I speak from personal experience.
Fitness Minutes: (100,572) Posts: 3,795 10/10/12 7:42 A
I find it really interesting that you took this offensively, because I actually refer to mySELF as formerly obese. I'm really proud of myself for no longer being there and want people to know that if I changed they can, too. If I doctor read that off to me from my records, I'd be proud.
So much better to be formerly obese than currently. :-)
Because that is what we were. I work in a medical setting and the term obese comes when there is a huge disparity between your height and weight. Being obese is serious because of the health issues that come with it. What I didn't like about being told I was obese was that I had my head in the sand and this showed me what I really was. Also, dr's will write "well nourish" LOL...no kidding
Every day I am on the verge of making slight changes that would make all the difference in my life.
Don't make todays choices be tomorrows regret
Carol Southern CA - Pacific time zone
Camp Wannabefit The Beck Deck Crew co-leader 5% Challenge
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Fitness Minutes: (29,091) Posts: 248 10/9/12 9:53 P
I am not a medical person, so I don't know if there is a reason for them to need this info. Obese is such a harsh sounding word, but as I spent over a year working to get out of that category, I made some peace with it. The mental health agency where I work is made by the state to collect health data on clients and one of the conditions is obesity. I came to look at the word as just a term to describe a level of overweight. I know of one agency that weighs clients to get their BMI but won't use the "O word" because they don't want to upset them. I think I would already be upset if I went in for counseling and was told to step on a scale, LOL. Maybe we need another word for obese?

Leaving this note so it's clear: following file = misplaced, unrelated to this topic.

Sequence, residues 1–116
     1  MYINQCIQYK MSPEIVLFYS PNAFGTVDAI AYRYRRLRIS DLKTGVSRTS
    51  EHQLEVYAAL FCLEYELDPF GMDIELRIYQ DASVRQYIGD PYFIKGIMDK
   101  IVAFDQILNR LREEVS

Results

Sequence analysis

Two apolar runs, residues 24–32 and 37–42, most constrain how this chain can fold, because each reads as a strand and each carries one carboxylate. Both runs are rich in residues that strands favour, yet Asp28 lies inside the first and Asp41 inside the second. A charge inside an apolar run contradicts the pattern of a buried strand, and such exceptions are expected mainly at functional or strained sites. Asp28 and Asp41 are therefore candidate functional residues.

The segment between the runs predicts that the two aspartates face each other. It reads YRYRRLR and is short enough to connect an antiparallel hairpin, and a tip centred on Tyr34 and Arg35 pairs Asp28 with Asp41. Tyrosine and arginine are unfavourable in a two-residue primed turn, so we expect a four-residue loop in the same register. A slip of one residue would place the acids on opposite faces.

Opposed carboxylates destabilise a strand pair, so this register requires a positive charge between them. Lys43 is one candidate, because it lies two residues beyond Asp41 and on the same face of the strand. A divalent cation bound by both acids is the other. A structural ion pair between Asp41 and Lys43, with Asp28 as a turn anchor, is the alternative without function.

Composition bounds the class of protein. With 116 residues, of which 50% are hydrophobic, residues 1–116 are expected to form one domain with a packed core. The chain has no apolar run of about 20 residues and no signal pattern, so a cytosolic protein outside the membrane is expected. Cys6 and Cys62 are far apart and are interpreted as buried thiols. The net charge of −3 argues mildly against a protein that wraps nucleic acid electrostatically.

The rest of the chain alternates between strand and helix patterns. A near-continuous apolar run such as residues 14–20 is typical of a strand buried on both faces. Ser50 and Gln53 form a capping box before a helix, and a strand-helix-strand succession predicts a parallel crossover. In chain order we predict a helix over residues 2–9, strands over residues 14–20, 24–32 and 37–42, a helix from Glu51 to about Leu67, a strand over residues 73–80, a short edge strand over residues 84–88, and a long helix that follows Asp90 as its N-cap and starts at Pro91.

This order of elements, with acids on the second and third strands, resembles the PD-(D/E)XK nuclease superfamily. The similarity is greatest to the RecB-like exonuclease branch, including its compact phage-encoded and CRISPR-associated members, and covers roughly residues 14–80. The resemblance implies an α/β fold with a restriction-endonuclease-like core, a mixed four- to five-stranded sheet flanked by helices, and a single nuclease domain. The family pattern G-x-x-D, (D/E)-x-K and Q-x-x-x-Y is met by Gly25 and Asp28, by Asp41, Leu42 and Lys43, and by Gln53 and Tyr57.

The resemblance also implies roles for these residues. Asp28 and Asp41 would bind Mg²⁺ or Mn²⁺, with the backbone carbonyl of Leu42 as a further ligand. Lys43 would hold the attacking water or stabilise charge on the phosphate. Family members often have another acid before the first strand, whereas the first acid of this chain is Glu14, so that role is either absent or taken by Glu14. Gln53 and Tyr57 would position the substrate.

Sorry not to have a better answer to your good question of whether a history of obesity is important for your health care providers to know.
Went to the gynecologists this morning for the yearly checkup. (One of my least favorite yearly activities.) They are transferring all their records to a new computer system and were reviewing my health history. When she read off formerly obese, I guess it surprised me. I guess I hadn't really thought about the fact that yes, I will have continuing issues with the former obesity, etc. But odd that a doctor never uses that term, until you start to loose the weight, or until you loose the weight. Now it is a part of my health history that will never be removed. (Well, it might be, as I am moving to Tennessee soon, and doubt I will transfer my records.) Does one need to have that kind of a notation? I mean, they have in the charts what I used to weigh and my height, etc. Do they need to slap a label on it?
3/31/12 Trailbreaker half marathon 13.1 miles in 3 hours 13 minutes 4/20/13 Neighborhood Watch 5K 39:17.6 10/5/13 5K Grace Pet Fest 38:47.6 12/1/13 Secret City Half Marathon around 3 hours and 4 minutes 4/19/14 Butterflies for Hope 5K for Lupus 39:23.8 (I hurt my back a few days before, and though it was my first official 5K with some jogging, my back hurt, so was very slow.)